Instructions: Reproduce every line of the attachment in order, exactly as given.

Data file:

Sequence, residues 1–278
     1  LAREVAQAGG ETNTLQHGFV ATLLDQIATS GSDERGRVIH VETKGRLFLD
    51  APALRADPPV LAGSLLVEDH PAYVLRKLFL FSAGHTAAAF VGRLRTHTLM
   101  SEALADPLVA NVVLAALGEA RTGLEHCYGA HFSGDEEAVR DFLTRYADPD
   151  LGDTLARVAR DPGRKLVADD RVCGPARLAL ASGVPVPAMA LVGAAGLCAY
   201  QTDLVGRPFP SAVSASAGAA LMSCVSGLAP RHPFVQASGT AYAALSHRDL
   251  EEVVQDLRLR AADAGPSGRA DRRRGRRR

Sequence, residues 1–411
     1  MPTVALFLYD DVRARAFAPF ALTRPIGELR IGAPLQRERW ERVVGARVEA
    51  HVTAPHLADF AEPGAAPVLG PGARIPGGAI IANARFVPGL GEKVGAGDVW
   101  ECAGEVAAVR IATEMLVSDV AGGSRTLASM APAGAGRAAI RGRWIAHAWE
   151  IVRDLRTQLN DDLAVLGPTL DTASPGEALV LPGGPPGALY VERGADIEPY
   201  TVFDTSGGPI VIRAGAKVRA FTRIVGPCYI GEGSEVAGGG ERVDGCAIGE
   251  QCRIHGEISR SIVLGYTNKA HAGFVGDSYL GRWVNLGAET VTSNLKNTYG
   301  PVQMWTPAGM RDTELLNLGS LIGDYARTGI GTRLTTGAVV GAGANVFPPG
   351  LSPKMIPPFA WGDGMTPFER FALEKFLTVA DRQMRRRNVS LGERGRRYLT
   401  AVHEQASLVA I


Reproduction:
Sequence, residues 1–278
     1  LAREVAQAGG ETNTLQHGFV ATLLDQIATS GSDERGRVIH VETKGRLFLD
    51  APALRADPPV LAGSLLVEDH PAYVLRKLFL FSAGHTAAAF VGRLRTHTLM
   101  SEALADPLVA NVVLAALGEA RTGLEHCYGA HFSGDEEAVR DFLTRYADPD
   151  LGDTLARVAR DPGRKLVADD RVCGPARLAL ASGVPVPAMA LVGAAGLCAY
   201  QTDLVGRPFP SAVSASAGAA LMSCVSGLAP RHPFVQASGT AYAALSHRDL
   251  EEVVQDLRLR AADAGPSGRA DRRRGRRR

Sequence, residues 1–411
     1  MPTVALFLYD DVRARAFAPF ALTRPIGELR IGAPLQRERW ERVVGARVEA
    51  HVTAPHLADF AEPGAAPVLG PGARIPGGAI IANARFVPGL GEKVGAGDVW
   101  ECAGEVAAVR IATEMLVSDV AGGSRTLASM APAGAGRAAI RGRWIAHAWE
   151  IVRDLRTQLN DDLAVLGPTL DTASPGEALV LPGGPPGALY VERGADIEPY
   201  TVFDTSGGPI VIRAGAKVRA FTRIVGPCYI GEGSEVAGGG ERVDGCAIGE
   251  QCRIHGEISR SIVLGYTNKA HAGFVGDSYL GRWVNLGAET VTSNLKNTYG
   301  PVQMWTPAGM RDTELLNLGS LIGDYARTGI GTRLTTGAVV GAGANVFPPG
   351  LSPKMIPPFA WGDGMTPFER FALEKFLTVA DRQMRRRNVS LGERGRRYLT
   401  AVHEQASLVA I